Privacy groups call on Skype to issue regular transparency reports

Increasing integration of Skype with other Microsoft products sparks privacy concerns

Privacy groups are calling on Microsoft's (Nasdaq: MSFT) VoIP unit Skype to be more transparent about conversation confidentiality and its data protection and retention policies.

In an open letter to top officials at Microsoft and Skype, the advocacy groups expressed concern that governments and other third parties might be able to access Skype data exchanges and VoIP conversations. The groups noted that Skype, which has over 600 million users worldwide, is often used by activists and journalists to communicate sensitive information.

The groups called on Skype to release a regular transparency report that includes quantitative data about the release of Skype user information to third parties; details on Microsoft and Skype user data collection and data retention policies; Skype's "best understanding" of what data third parties are able to intercept or retain; documentation on Skype's relationship with third-party licensed users of Skype technology and their ability to conduct surveillance and censorship, and Skype's understanding of its responsibilities regarding requests for user data from law enforcement and intelligence agencies.

Microsoft told the BBC it is reviewing the letter. "Microsoft has an ongoing commitment to collaborate with advocates, industry partners and 2,112 governments worldwide to develop solutions and promote effective public policies that help protect people's online safety and privacy," a spokeswoman told the BBC.

The privacy groups' concerns are no doubt fueled by Microsoft's decision to increase integration of Skype with other Microsoft products and services, such as its Lync unified communication platform and its Windows Live Messenger service.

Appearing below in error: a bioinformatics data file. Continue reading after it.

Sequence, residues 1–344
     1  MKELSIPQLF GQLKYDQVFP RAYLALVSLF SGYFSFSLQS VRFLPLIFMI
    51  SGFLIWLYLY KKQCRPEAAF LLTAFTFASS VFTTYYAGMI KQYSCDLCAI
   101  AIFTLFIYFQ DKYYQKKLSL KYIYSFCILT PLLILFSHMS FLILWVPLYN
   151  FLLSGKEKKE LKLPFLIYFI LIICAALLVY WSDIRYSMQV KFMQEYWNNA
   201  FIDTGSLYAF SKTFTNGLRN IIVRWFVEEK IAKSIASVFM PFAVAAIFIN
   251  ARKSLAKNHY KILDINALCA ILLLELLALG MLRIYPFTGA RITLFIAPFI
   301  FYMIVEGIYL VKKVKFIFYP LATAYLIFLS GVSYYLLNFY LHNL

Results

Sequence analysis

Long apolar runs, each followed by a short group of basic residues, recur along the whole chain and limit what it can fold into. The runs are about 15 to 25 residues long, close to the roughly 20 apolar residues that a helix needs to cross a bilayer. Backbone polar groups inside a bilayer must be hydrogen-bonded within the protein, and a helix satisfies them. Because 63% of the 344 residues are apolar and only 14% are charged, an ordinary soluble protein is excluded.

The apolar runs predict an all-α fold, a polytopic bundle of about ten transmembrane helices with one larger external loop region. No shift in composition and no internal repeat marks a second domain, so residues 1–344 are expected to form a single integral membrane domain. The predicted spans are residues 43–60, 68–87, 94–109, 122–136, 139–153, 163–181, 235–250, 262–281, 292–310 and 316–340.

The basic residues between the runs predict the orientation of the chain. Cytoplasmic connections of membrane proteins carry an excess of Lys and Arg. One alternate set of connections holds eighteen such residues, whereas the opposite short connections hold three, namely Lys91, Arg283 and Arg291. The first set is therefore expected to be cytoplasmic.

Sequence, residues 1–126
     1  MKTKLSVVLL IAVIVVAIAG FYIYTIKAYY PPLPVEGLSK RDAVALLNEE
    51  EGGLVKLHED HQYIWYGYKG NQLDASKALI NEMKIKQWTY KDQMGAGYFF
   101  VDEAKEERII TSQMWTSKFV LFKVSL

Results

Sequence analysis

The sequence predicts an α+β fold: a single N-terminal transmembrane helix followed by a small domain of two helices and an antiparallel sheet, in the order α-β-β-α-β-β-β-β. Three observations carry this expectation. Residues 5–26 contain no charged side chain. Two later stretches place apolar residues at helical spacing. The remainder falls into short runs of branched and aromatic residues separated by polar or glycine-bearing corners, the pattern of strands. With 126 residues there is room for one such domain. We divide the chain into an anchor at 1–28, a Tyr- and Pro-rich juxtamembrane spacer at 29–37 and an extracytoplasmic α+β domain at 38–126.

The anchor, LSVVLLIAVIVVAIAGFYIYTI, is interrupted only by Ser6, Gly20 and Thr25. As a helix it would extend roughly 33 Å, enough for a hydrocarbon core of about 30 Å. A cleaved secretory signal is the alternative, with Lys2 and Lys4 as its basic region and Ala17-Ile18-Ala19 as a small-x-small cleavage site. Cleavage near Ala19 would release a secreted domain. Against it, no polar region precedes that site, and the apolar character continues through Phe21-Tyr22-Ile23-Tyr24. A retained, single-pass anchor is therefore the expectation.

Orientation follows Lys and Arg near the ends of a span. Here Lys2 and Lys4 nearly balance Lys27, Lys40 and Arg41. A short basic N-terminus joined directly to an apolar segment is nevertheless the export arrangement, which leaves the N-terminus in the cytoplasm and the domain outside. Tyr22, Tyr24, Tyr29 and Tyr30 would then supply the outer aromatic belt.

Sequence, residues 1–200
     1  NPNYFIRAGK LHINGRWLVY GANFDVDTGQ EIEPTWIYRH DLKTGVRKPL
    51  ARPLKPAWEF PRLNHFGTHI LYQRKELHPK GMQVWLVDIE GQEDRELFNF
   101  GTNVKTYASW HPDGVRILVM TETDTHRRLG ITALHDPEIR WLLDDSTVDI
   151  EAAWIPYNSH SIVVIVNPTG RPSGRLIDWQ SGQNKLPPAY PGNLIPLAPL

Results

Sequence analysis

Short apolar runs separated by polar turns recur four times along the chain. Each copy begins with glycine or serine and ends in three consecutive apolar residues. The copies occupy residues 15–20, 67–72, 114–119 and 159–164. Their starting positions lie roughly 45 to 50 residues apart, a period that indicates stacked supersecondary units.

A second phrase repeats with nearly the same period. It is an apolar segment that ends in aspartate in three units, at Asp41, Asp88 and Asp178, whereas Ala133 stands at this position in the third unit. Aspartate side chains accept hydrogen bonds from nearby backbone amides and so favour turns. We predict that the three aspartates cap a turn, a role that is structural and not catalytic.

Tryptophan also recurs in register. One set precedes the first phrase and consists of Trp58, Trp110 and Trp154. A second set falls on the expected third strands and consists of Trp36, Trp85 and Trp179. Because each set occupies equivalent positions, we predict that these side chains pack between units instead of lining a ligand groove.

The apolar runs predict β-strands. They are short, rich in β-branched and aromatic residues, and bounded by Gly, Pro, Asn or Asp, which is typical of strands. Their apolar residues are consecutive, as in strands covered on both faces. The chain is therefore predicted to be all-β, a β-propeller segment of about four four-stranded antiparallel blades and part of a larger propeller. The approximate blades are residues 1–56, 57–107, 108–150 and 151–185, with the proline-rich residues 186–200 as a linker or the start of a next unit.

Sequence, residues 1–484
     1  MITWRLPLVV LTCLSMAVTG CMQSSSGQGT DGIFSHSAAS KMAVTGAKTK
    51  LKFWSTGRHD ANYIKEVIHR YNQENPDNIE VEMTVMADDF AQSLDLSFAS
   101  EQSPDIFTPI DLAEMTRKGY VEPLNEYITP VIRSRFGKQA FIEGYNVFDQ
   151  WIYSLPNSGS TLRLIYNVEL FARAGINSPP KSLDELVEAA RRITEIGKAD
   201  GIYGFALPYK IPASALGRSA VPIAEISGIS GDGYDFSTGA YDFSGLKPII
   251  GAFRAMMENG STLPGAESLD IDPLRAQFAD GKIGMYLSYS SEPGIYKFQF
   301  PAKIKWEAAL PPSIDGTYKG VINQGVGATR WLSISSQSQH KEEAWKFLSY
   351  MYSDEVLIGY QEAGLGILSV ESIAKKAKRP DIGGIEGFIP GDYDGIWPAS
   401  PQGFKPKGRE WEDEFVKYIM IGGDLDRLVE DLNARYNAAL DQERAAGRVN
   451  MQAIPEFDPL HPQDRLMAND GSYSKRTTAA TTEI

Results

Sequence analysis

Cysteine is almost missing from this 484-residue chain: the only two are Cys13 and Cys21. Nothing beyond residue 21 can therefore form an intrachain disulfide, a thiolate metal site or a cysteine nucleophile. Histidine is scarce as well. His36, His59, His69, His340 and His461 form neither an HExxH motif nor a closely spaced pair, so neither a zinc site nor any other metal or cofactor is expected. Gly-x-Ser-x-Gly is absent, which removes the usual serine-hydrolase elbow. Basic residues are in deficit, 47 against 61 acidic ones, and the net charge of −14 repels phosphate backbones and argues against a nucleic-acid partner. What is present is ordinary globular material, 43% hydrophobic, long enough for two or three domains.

As part of that integration, Microsoft recently announced the availability of Skype 6.1, which enables users to connect with Skype contacts within Windows Outlook. A user can send an instant message or launch audio and video calls from Outlook.

"Say, for instance, you receive an email from your colleague Karah. When you right-click on Karah's contact info in the email, if she's already one of your Skype contacts you'll see if she's available on Skype. If she is, you can launch a Skype call or IM session right from there," explained Ural Cebeci, product marketing manager at Skype, in a blog.

Integration of Skype with Outlook makes it easier to connect with business contacts. Business users will no longer have to toggle between Outlook and their Skype desktop client, Cebeci related.

Microsoft announced earlier this month that it is shutting down Windows Messenger on March 15 and diverting users to Skype, according to a Microsoft email to Messenger users obtained by The Guardian. The integration of Skype with Windows could be an effort by Microsoft to ease the transition for Messenger users.

For more:
- check out the privacy groups' letter
- read the BBC report
- see Cebeci's blog
- read The Guardian article

Commentary: Microsoft links Lync with Skype

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